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HIV Infection Up By 2 Million in Past Year; Africans Hit Hardest

December 12, 1993

MARRAKESH, Morocco (AP) _ About 2 million more people were infected with the AIDS virus in the last year, mostly in Africa where teen-agers and young adults are being infected at an alarming rate, the World Health Organization said Sunday.

Nearly 70 percent of the world’s 15 million people infected with the human immunodeficiency virus are in Africa, said Michael Merson, director-general of WHO’s Global Program on AIDS.

He spoke at the opening of the eighth annual International Conference on AIDS in Africa.

Most alarming is the spread of AIDS among African youths and young adults. Merson said a new WHO study of the African epidemic shows that 60 percent of new infections are among people ages 15-24.

″This demonstrates the vulnerability of Africa’s youth and shows us where to focus our prevention efforts,″ Merson said.

Ethiopia has close to half a million infected people, while in Nigeria as many as 22 percent of the men treated at sexually transmitted disease clinics are HIV-positive, he said.

″And to the south, where we think the epidemic may take its greatest toll, already one in three women seeking post-natal care in Francistown, Botswana, are infected,″ Merson said.

He said migration and population displacements because of civil strife are encouraging the spread in Africa of the fatal disease, which destroys the body’s immune system.

″Since the last AIDS in Africa conference ... only a year ago, some 2 million more men, women and children worldwide have become infected with HIV, most of them in Africa,″ Merson said.

About 3,500 medical researchers, sociologists, health officials, AIDS activists and artists from 40 countries gathered in this north African city for the five-day congress to examine the spread of AIDS and discuss prevention.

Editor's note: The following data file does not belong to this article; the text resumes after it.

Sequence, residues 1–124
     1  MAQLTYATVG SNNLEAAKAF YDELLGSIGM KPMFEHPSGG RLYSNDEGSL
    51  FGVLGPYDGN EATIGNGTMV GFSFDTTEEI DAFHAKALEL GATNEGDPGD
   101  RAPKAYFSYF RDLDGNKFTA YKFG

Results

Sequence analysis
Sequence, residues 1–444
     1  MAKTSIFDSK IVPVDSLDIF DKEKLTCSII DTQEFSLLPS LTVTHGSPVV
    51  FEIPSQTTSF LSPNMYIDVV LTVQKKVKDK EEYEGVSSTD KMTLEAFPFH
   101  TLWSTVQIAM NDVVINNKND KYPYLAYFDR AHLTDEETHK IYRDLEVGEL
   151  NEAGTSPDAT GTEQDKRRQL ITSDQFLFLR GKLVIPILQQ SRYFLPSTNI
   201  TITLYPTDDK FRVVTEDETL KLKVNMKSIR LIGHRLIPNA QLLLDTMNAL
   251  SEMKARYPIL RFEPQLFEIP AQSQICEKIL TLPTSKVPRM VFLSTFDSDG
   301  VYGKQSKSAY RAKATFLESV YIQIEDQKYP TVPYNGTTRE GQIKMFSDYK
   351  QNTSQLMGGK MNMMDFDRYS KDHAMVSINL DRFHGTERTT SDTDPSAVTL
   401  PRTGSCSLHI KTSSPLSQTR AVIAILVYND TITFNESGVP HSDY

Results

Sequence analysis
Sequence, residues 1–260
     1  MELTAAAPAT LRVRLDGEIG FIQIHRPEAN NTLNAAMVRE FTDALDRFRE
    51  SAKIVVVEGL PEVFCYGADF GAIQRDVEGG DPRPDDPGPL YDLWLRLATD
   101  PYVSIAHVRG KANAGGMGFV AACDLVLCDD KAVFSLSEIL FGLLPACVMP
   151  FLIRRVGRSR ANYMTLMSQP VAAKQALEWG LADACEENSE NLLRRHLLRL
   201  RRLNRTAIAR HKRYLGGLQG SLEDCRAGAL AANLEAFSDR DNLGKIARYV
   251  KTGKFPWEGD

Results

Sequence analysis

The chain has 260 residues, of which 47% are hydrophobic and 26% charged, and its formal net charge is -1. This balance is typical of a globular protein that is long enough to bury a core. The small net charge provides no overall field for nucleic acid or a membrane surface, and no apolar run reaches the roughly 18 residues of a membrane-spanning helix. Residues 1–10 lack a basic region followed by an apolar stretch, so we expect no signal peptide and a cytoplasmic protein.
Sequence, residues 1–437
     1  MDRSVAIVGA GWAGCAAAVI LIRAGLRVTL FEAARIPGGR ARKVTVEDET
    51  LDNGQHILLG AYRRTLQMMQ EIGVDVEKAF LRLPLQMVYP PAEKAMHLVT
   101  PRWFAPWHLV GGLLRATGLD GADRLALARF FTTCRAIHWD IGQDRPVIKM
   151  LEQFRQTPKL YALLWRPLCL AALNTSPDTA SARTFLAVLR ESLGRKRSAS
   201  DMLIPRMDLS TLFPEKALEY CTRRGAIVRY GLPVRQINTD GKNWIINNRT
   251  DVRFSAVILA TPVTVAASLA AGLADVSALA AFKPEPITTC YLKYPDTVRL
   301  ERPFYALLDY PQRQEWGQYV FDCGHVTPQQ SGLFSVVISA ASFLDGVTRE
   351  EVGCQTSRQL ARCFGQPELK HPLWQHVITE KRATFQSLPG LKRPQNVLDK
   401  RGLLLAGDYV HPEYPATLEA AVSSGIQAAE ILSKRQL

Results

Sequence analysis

″AIDS is becoming more and more a problem of poor countries and of the outcasts of rich countries,″ Hakima Himmich, president of the Morocco Association to Combat AIDS, told Le Matin magazine this week.

″It is a disturbing evolution, because as long as rich countries are concerned about it they will invest in research, but if one day they fail to feel threatened they will do no more for research,″ she said.

French Health Minister Simone Veil said France would convene a meeting of leaders of wealthy donor countries next year ″to affirm a true strategy of intervention″ against AIDS in developing nations.

Crown Prince Sidi Mohammed, son of Moroccan King Hassan II, told the conference that 5,000 Africans become infected with HIV every day.

″We must efficiently adapt our policies for the sake of our own continent,″ the 29-year-old prince said.

Conference participants include Luc Montagnier of France and American Robert Gallo, the two scientists credited as co-discovering the HIV virus that causes AIDS.

About 600 youths Friday set out on a three-day march from the capital Rabat to Marrakesh, stopping at towns along the way to inform villagers about AIDS.

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